As many families did, the Ware family always put up the Christmas tree after Thanksgiving and kept it up until January 1. After we kids were grown and out of the house, however, the tree got put up later and later, especially as Mother’s health declined. Always, though, we had a tree.
For years, Dad would go out and cut a tree down, so we had a great-smelling pine, albeit one seldom the perfect shape. That’s what the wall (or the corner) was for: disguising the bad side of a tree. We’d decorate it with bubble lights and big heavy Christmas lights, using the aluminum bulb shields from the early 1950s. (For all I know, those still exist in a storage barrel in the garage in Egan.)
Mother always had to flock the tree, too — so the search for canned snow went on, year after year, for her to accomplish that. I don’t remember when artificial trees replaced the real ones, but they were certainly more convenient.
As time passed, Mother accumulated any number of Christmas-related decorative items: a tiny bottle-brush tree (long since disappeared); a ceramic tree with tiny bulbs that worked when you plugged the tree in; a tiny metal structure with angels that revolved when you lit the small candles that went with it; all sorts of tablecloths and towels and an apron. And, of course, there was the Elf on the Shelf — three of them, actually, from the original incarnation. Those always got placed on the upright piano. After a few years of storing them (folded, at some point), the elves sort of lost their perkiness. After that (with our typical rather sarcastic family humor) these became known as “the dead elves.”
Once we were on our own, and after Kay married, we didn’t necessarily have Christmas at Christmas. It might fall a couple of weekends early. It might fall in the middle of the week. It just depended on when we could all get together.
Even after Mother died, we always had Christmas in Egan. The exception: the last Christmas that Phil was alive, 1995. That year we had Thanksgiving and Christmas in his room at M.D. Anderson in Houston. Somewhere I still have some of the tiny ornaments from that year, as well as the little artificial tree.
Later, when Dad was ill, we spent a couple of years where we had Christmas in the hospital. I always bought a little tree with lights, set it up, and announced that we were together, and it was Christmas even in a hospital. Dad always smiled.
After Dad died, that first Christmas was the beginning of the new Christmas tradition. By then, the new beach house was complete. This is our second Christmas at the beach house.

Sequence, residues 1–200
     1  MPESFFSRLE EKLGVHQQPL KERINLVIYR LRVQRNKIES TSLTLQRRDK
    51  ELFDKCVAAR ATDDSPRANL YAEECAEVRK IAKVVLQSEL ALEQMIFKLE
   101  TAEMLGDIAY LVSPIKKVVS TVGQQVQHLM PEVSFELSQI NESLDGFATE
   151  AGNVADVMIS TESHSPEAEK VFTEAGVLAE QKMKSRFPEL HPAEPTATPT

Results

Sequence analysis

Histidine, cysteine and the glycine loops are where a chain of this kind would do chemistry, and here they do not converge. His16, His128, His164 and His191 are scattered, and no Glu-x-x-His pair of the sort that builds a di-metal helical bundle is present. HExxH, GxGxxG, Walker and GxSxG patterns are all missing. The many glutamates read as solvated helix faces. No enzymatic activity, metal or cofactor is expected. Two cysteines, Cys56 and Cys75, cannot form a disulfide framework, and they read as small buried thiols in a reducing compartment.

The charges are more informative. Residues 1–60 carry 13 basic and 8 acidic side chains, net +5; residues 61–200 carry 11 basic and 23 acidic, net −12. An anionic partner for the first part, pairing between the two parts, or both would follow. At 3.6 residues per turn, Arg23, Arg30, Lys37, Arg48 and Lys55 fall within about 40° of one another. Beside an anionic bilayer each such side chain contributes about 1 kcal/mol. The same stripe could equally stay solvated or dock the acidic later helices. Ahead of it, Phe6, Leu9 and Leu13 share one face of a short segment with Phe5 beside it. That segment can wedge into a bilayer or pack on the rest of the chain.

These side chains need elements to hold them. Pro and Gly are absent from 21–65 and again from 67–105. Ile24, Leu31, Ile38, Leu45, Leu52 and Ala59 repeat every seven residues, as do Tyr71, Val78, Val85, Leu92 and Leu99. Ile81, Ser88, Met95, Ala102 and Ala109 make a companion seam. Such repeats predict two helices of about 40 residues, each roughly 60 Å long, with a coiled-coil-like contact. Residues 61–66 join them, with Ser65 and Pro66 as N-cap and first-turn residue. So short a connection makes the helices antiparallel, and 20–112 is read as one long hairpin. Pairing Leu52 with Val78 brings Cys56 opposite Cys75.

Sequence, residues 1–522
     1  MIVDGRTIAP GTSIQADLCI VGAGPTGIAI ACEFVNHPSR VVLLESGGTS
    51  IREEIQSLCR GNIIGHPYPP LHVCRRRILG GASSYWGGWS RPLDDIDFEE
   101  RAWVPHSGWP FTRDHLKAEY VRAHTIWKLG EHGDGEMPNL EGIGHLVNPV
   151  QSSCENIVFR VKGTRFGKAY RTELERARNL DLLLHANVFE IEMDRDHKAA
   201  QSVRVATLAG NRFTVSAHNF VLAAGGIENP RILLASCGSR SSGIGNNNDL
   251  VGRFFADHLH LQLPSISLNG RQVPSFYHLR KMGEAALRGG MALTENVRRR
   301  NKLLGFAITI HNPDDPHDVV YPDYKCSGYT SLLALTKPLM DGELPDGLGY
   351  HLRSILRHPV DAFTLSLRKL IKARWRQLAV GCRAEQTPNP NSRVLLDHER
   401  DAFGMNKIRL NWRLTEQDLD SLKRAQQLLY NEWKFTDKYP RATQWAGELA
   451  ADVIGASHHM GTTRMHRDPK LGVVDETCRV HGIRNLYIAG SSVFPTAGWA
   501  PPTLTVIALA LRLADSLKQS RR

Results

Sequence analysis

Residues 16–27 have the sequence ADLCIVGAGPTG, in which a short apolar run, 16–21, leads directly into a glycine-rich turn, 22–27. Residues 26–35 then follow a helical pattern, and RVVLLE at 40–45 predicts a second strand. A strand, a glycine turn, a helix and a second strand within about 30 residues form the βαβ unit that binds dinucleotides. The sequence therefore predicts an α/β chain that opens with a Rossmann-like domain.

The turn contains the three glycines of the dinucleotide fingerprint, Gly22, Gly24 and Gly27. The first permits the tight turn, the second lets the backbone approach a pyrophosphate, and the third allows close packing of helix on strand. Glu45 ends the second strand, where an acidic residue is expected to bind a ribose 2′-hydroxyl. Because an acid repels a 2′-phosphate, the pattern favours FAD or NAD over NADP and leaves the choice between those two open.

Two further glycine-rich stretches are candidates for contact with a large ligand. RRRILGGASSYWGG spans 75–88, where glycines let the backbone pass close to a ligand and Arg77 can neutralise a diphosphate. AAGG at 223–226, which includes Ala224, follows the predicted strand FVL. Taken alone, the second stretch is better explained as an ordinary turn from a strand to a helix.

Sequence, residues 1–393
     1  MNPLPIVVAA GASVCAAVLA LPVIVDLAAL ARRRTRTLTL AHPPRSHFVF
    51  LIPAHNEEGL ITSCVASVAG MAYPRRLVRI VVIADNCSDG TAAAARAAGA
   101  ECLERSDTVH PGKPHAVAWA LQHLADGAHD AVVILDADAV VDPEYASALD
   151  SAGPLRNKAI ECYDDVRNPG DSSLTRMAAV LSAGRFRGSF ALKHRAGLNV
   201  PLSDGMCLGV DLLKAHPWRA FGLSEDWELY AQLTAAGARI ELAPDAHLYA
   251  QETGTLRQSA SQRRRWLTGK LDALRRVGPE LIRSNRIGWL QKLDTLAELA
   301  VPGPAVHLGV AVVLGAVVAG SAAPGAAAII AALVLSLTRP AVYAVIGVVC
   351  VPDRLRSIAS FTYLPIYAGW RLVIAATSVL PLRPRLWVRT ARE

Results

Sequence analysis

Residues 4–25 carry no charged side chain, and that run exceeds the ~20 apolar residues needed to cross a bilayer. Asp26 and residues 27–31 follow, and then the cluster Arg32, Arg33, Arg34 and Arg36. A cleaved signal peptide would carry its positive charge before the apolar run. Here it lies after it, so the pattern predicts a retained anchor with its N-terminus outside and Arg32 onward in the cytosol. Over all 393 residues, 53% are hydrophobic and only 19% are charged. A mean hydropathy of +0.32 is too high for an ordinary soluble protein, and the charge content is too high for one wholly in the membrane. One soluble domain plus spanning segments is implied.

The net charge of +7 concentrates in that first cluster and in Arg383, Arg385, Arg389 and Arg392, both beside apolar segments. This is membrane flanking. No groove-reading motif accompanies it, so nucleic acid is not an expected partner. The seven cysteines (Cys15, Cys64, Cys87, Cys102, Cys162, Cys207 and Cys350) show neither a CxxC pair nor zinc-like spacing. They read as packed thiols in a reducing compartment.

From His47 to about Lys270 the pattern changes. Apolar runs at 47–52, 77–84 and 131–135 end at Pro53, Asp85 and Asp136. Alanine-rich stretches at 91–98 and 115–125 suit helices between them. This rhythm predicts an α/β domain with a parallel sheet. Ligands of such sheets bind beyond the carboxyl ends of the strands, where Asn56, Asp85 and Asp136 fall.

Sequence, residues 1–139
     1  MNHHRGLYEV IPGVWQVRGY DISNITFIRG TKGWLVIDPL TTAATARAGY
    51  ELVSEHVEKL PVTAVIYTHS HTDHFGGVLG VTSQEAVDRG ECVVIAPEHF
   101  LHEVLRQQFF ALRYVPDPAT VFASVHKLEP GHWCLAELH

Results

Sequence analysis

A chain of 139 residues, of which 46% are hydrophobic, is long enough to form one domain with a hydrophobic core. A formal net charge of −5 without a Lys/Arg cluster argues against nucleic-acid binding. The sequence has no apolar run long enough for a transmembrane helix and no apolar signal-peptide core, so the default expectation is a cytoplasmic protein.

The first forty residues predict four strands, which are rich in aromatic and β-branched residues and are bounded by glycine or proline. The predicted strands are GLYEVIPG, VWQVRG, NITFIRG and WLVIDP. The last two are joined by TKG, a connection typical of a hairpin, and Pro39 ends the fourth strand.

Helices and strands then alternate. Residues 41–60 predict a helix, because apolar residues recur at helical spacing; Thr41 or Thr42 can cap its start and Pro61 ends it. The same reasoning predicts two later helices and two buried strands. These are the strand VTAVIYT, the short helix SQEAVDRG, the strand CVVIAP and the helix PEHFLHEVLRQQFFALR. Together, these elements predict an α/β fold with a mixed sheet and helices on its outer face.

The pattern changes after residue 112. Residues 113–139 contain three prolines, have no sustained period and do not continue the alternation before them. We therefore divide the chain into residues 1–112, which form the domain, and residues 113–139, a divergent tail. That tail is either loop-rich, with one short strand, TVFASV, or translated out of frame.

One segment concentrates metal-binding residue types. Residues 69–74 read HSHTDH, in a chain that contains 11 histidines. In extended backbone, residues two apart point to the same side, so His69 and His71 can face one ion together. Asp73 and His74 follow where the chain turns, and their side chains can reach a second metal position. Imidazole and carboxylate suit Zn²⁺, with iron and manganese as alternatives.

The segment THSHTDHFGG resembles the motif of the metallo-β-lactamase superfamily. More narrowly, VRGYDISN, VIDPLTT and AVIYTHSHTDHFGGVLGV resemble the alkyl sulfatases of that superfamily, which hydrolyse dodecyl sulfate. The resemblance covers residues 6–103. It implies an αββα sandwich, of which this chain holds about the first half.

It doesn’t really matter where you are, not really. As long as you’re with loved ones, that’s what counts.
The holidays are bittersweet for so many of us as we grow older. Those who aren’t with us, the losses and disappointments that go with being adults — whatever the reasons might be, holidays often darken, morph into days to be endured. By this time of year, articles appear everywhere advising readers how to avoid depression.
Sometimes, our joy in the season simply disappears so gradually that we wake up one day and realize that we really don’t like Christmas. I know that for years I faked it, managing to get through the season because I was the one in charge of getting everything done.
Yet somehow the enjoyment has returned. I find that I enjoy the season again. I even look forward to decorating, though that might not happen until Christmas Eve (as this year, because that is when we’re first all together).
And, I confess, I listen to Christmas music. Not until after Thanksgiving, though, not of my own volition. My iPod has a Christmas playlist that grows every year. My choice of Christmas music is, shall we say, eclectic, to say the least. Certainly there are the traditional albums — those of sacred music, of classics by Pavorotti and the three tenors. And by the Rat Pack. By Chris Isaac, and Elvis, and Jimmy Buffett and Michael Buble. One-hit wonders like “I Saw Mommy Kissing Santa Claus” or “Grandma Got Run Over By A Reindeer.” And this year’s addition to the playlist: “Duck the Halls,” by the now-infamous Robertson clan of Duck Dynasty fame.
There are presents yet to be wrapped (at least I’m through shopping). The tree is up ready for decorations. Strings of lights need to be put on the deck railing outside. I even have lights to wrap around the front line of pilings.
Oh, and because we’re at Crystal Beach on Bolivar Peninsula, we need to buy fireworks and sparklers — hey, it’s the South. We like to play with fire. And it’s legal here on Bolivar.
As the Dr. Who marathon plays on, setting us up for tomorrow night’s long-awaited Dr. Who special where Matt Smith regenerates into Peter Capaldi, we are all here, The refrigerator is jammed with food. Soon we’ll trim the tree.
It’s a season to pause and remember our loved ones, here and absent. The Doctor’s digital regeneration might remind some of us of a different and more significant regeneration promised centuries ago.
From the Warehouse Too to your houses, my friends, Merry Christmas with lots of love and hugs.